Part V….Alligator Farm (Continued)
The Alligator Farm in St Augustine allows so many opportunities to photograph a number of birds that I decided to divide these images into more than one post.
The boardwalk that spans the alligator infested water below provides shots down into the water, closeup views of nests and bird behavior in the trees alongside, as well as shots of birds in flight as they come and go bringing food and nesting materials in.
Great White Egrets
The Great Whites are all white except during breeding season when they develop a bright green patch on their face. They also grow long plumes on their backs during this time. These plumes like those from the Snowy Egret and the feathers of the Roseate Spoonbill, and others, were prized as adornments for women’s clothes at one time and almost caused the extinction of the birds. In fact, the National Audubon Society was founded to protect these birds from “feather hunters”.
(Click on an image to enlarge. Use the arrows to go to the next image)
The Great Whites show a preference for the big Live Oak trees at the end of the boardwalk. You will occasionally find Woodstorks and other species, but mostly Great White nests. The first image of the trees will give you some perspective, the second is its reflection on the water (I happen to like reflections).
Most birds will have some type of display mechanism to attract a mate. The Great Whites have an attractive ritual showing off their mating plumes.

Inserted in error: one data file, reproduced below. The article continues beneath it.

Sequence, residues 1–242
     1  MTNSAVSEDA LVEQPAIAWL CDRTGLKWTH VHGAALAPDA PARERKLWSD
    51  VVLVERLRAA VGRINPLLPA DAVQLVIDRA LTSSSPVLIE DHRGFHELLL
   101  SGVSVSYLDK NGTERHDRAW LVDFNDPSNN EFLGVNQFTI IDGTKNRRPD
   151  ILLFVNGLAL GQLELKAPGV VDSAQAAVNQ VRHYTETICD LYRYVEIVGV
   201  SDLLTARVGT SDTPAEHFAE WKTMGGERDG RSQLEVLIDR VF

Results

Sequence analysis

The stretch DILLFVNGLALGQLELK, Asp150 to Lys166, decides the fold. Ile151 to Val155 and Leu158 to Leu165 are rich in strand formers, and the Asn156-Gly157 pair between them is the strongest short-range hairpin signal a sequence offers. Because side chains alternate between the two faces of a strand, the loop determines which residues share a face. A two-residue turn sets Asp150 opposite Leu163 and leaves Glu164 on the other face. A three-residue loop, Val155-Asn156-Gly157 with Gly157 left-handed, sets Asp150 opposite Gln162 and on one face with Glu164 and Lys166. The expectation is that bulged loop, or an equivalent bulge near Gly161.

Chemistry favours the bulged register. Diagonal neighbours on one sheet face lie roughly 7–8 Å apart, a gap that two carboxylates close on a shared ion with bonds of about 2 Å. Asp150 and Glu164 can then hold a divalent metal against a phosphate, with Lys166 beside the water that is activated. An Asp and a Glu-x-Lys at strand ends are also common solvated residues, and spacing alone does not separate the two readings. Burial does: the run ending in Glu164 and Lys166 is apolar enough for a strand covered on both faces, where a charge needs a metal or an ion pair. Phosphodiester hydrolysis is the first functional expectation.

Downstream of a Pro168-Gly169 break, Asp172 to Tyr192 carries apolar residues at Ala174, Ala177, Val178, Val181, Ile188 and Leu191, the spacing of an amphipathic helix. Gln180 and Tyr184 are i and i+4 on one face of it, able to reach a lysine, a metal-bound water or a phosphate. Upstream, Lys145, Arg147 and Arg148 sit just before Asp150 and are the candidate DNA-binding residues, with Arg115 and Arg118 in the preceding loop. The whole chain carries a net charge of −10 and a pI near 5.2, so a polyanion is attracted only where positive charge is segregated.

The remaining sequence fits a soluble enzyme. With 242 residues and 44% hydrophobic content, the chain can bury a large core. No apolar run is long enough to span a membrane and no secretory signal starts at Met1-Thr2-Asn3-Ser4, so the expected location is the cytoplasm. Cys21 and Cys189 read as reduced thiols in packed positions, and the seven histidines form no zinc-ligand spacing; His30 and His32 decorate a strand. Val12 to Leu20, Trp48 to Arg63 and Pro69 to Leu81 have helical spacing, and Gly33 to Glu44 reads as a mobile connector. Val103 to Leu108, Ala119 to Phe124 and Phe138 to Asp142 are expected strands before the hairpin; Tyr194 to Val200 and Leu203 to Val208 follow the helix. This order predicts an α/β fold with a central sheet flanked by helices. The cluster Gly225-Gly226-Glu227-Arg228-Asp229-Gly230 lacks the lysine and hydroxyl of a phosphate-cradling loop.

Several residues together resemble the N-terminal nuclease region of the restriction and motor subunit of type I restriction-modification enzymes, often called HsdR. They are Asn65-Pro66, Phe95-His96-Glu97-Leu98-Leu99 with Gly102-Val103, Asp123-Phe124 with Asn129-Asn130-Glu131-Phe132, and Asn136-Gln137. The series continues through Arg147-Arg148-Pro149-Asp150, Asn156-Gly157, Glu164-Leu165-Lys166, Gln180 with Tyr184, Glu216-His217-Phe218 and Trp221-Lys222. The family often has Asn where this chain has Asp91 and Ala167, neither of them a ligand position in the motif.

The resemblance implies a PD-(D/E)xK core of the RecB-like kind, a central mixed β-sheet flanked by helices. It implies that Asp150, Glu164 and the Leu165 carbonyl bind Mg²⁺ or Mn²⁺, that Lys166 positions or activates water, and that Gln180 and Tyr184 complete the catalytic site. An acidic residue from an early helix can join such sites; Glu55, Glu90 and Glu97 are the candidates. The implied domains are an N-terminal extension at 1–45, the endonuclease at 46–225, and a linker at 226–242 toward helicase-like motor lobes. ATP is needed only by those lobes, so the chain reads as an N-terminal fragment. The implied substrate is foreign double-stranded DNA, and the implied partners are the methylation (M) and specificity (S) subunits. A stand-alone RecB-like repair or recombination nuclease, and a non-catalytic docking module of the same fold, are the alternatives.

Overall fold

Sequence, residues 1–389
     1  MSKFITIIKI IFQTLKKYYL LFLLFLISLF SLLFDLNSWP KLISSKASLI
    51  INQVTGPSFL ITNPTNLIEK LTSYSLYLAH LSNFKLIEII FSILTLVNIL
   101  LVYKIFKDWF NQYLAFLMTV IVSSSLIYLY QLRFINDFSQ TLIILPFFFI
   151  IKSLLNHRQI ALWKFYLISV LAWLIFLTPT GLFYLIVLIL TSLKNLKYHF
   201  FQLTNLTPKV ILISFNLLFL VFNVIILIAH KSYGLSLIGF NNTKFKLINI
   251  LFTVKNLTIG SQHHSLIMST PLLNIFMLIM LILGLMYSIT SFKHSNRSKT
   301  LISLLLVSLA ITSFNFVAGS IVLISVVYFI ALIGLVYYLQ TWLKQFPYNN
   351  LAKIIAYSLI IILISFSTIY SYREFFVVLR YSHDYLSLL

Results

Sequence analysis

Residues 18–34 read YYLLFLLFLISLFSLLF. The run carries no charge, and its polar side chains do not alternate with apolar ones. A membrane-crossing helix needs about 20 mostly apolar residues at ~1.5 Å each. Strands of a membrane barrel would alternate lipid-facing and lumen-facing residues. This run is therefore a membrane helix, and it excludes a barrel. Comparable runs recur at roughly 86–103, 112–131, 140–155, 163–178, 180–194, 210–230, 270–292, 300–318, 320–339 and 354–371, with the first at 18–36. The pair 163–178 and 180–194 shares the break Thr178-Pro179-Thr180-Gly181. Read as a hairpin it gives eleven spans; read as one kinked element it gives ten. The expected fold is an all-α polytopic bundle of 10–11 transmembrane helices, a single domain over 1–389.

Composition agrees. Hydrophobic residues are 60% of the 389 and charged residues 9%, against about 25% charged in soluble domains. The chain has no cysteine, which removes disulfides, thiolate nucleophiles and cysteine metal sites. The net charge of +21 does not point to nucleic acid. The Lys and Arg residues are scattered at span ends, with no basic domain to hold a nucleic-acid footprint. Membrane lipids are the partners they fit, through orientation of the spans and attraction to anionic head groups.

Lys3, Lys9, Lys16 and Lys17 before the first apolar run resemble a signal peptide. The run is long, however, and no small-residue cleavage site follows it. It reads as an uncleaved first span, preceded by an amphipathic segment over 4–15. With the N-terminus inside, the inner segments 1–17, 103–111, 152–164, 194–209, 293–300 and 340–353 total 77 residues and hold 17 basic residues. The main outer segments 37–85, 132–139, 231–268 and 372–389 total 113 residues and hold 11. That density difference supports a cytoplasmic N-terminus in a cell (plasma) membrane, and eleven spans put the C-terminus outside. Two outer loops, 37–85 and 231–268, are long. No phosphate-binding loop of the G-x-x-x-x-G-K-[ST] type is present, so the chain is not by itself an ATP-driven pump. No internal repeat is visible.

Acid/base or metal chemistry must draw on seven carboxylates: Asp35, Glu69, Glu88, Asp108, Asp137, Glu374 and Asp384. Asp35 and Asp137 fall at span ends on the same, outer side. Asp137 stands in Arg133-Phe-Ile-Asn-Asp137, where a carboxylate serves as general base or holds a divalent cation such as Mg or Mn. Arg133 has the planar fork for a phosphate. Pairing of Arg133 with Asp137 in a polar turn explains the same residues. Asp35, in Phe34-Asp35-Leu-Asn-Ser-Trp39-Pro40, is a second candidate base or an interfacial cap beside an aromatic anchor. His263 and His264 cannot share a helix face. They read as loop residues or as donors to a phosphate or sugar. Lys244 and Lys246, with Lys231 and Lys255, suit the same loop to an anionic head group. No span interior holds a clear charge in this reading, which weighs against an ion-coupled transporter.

The timing of my visit made it possible to see some of the first chicks of the season…so ugly that they are cute.
The Great Whites are most elegant in flight gliding along with their slow, powerful wingbeats at up to 25 mph.
Underneath the boardwalks are a whole lot of alligators. These gators keep predators away who might raid the bird nests. The alligators are captive, but the wild birds seek out the park because of the safety the gators provide for their nests.
Several species of Ibis are common in Florida especially this time of year. The first images are of juveniles. The last is of two adult White Ibis that were part of a large flock that flew over.
Woodstorks are an odd rather prehistoric looking bird. In size they are in between the Great White Egret and the Great Blue Heron. They’re the only stork native to North America. Their heads are bald and scaly, but when they fly I think they are quite attractive.
One of the most colorful Herons, the Tricolored is a fairly small heron. He’s a serious fisher and will stand for a long time locating his prey before striking (yes, that is an alligator tail in the background).
Like the Snowy Egrets they will frequently nest in the palm trees along the boardwalk. Here the male proudly brings in additional material for the nest while mom sits on her eggs (blue, of course).
Little Blue Herons
About the size of a Snowy Egret the Little Blue also likes to nest in the palm trees at The Alligator Farm. He’s not a flashy bird, but his purple-maroon head and neck and blue-gray body are distinctive.
Last, but not least, is an Anhinga, striking in his breeding plumage as he defends his nest. This is the first time I’ve seen an Anhinga nesting here.
Thank you so much for joining me on this second post from The Alligator Farm in St Augustine. I always have a great time here. It was especially nice to meet other photographers and make new friends.
As always, I appreciate your comments and feedback. If you haven’t signed up to be notified of the next post, please do so now at the top of this page.
Until the next post, Cheryl